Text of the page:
In a stunning and unexpected announcement on March 27th, 2020, NASA Administrator, Jim Bridenstine, made the online announcement via twitter that the agency has selected Private Aerospace Company, Space X to be the first to fly Cargo Re-supply missions to NASA's Lunar Orbiting Gateway, in association with the new Artemis spaceflight program.
The twitter thread by Administrator Bridenstine goes on to explain that, similarly to the ISS Commercial Re-Supply contracts already awarded by NASA, the Artemis Gateway Logistic Services missions are a public/private joint effort that will ultimately expand commercial space economy moving forward.
In addition, NASA Public Affairs released a full statement on the nature of the partnership with Space X, detailing that "Space X will deliver critical pressurized and unpressurized cargo, science experiments and supplies to the Gateway, such as sample collection materials and other items the crew may need on the Gateway and during their expeditions on the lunar surface."
In the statement, we also begin to understand that Space X is only the first commercial launch provider to be awarded a Artemis Gateway Logistic Services contract, and that ANY recipient of said contract, is guaranteed two missions, with a maximum total program value of $7 billion across all contracts.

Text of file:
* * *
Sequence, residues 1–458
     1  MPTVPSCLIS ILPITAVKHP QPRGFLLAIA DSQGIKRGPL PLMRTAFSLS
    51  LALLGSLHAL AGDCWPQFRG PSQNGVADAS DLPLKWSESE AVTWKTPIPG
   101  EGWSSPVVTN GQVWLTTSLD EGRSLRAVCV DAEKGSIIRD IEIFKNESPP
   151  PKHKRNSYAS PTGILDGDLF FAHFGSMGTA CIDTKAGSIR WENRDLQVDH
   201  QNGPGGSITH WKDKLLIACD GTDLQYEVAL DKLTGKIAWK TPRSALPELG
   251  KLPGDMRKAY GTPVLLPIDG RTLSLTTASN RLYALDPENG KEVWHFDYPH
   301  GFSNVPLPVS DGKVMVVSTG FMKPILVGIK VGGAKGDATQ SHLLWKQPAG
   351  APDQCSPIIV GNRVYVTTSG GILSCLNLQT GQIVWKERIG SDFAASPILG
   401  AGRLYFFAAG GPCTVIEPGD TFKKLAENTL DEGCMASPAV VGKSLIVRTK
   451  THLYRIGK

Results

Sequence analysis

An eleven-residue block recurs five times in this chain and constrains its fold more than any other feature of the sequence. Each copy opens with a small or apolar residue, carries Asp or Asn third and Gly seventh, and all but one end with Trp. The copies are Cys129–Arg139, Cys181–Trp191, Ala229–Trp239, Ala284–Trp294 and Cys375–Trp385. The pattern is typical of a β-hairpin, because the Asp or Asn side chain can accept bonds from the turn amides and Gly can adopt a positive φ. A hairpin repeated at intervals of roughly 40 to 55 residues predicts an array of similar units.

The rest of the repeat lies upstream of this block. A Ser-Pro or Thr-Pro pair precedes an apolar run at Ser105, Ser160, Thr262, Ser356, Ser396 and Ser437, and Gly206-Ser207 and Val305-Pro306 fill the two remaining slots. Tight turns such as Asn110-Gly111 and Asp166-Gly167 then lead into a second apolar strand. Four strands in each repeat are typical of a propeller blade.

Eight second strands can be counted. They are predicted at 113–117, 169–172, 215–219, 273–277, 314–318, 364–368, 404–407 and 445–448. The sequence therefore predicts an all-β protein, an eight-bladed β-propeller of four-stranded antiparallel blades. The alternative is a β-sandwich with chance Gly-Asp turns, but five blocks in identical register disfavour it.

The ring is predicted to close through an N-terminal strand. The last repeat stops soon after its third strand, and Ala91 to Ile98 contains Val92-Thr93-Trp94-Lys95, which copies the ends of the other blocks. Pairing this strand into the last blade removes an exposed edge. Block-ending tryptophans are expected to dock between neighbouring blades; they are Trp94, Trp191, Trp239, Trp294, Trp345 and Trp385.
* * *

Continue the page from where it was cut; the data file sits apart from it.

On Space X's side of the announcement, the private Aerospace company unveiled that they would be developing an entirely new version of their Dragon Cargo Spacecraft, called the Dragon XL (seen in the article thumbnail). The vehicle, which is now third in the Space X Dragon family, will be designed specifically for Lunar Orbit missions, and is currently set to launch atop of Space X's Heavy lift rocket, Falcon Heavy. Dragon XL will be capable of delivering over five metric tons of both pressurized and unpressurized cargo to Gateway, where it will be docked to the station for 6 to 12 months at a time, before presumably being discarded.
Artemis, the United States's latest effort to expand human space exploration, is currently set to land the first woman, and next man on the lunar south pole by 2024. NASA intends to use the full utilization of the Artemis Program's resources, its commercial partners resources, and international resources to ultimately sustain human colonization on our planets moon, before ultimately targeting Mars.
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